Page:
On the heels of the wildly entertaining 30 pieces, HBO Europe Continues To Deliver Strong New Year’s Drama With Beartown, a five-part Swedish adaptation of author Fredrik Backman’s novel of the same name about a small town whose youth hockey craze is put to the test when a horrific crime takes place and everyone in the community is forced to take sides. Frozen and enraged, it’s a sobering portrayal of the tragedy forged not only by toxic masculinity, but also by equally harmful – and potentially deadlier – systems that nurture, amplify, and protect it.
Directed by Peter Grönlund and written by Anders Weidemann, Antonia Pyk and Linn Gottfridsson, Beartown (premieres February 22 on HBO) teases a mystery early on, via a prologue in which one indistinct figure chases another through the snowy forest outside of Beartown, culminating with the pursuer aiming a gun at the target fallen to his knees. The question of who these people are is resolved at the end of the first chapter. However, finding out why they’re in this situation isn’t revealed until the climax of episode two, when the story fully focuses. Yet while clarity isn’t immediately forthcoming, the series proves to be instantly captivating, thanks to vivid storytelling that exposes the interpersonal dynamics of its many players.
At the forefront of the action is Peter Andersson (Ulf Stenberg), a former NHL star who returns to his frozen hometown to coach the adult local team. Recognizing that they are all stranded ‘geriatric’, he quickly chooses to take the reins of the more promising youth club led by aspiring star Kevin Erdahl (Oliver Dufåker). It ruffles the feathers of former coach David (Tomas Bergström), who has been relegated as Peter’s assistant, as well as the father of Kevin’s businessman, Mats (Tobias Zilliacus), a former teammate. of Peter resenting his own game. Days cut short by a teenage prank pulled by Peter and his friends. To complicate matters further, Peter is still grappling with alcoholism and the death of his young son, not to mention the pressure of having to win right away with his new team, because the whole future of the club – and of the city – depends on their success this season.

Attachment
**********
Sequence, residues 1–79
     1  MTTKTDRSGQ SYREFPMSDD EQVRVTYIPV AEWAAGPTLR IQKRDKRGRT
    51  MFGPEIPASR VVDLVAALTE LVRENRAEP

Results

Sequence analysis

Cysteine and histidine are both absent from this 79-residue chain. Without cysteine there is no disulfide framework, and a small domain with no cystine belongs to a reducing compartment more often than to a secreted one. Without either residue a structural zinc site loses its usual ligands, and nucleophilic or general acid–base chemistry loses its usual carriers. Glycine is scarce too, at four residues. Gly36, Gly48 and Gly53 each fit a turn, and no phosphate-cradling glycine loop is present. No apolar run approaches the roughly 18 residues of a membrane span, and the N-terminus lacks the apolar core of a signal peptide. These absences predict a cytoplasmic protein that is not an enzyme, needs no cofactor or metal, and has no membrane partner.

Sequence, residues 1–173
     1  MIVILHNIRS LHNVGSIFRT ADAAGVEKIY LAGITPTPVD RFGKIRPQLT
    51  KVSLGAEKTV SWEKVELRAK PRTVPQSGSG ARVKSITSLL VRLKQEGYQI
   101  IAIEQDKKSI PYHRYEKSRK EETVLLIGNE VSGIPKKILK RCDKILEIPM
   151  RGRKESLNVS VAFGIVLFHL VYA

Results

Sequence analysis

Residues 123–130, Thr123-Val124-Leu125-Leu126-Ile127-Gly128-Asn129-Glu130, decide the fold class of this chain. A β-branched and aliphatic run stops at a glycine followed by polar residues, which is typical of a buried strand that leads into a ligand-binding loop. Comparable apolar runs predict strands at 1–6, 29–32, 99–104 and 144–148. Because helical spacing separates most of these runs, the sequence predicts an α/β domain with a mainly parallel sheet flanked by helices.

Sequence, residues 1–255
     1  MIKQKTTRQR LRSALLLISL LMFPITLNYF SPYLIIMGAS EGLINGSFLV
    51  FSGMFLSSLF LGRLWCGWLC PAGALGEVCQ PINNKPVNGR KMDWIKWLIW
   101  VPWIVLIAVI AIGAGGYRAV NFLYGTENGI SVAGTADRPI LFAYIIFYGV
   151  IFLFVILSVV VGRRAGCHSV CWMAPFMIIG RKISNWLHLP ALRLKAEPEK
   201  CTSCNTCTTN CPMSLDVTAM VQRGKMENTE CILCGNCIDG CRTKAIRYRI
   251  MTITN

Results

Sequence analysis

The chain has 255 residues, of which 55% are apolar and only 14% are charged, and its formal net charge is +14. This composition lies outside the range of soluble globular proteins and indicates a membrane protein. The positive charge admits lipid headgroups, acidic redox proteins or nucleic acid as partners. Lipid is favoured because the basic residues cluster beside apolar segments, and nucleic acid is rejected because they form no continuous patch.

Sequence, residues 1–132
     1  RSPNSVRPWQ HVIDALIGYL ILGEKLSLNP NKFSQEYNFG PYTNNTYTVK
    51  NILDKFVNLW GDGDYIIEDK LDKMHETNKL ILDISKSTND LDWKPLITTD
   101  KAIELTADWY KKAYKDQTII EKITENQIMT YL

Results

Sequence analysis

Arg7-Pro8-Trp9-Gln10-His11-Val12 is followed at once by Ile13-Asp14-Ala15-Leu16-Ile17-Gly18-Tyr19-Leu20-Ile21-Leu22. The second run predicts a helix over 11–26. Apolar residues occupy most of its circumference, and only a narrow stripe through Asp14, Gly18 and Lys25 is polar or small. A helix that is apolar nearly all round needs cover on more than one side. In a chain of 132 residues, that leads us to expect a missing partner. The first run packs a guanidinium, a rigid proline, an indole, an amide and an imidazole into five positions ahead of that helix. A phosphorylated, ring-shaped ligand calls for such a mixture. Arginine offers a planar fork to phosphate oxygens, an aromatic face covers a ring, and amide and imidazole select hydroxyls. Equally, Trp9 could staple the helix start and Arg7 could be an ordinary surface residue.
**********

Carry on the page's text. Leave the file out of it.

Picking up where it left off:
Peter is a mess, and he’s cleverly described by Stenberg as a man whose straightforward, no-frills approach to coaching is both circumstantial (and effective), and also more than a little obnoxious. Just because Peter is right doesn’t mean he’s always right. The refusal to present him as a mere noble and harsh savior is at the heart of Beartown, especially since his clan settles down and his wife-lawyer Mira (Aliette Opheim) decides, without discussing it with her husband, to refuse a new job because she knows it – after years of being there wife of an NHL star and shoulder the burden of family grief over their deceased son – whom she is after her spouse. Even as the series goes through routine plot moves, most of them having to do with one-dimensional rugs, Grönlund and his company are laying the groundwork for an ubiquitous male privilege that will soon become his primary concern.
[Inevitable spoilers follow]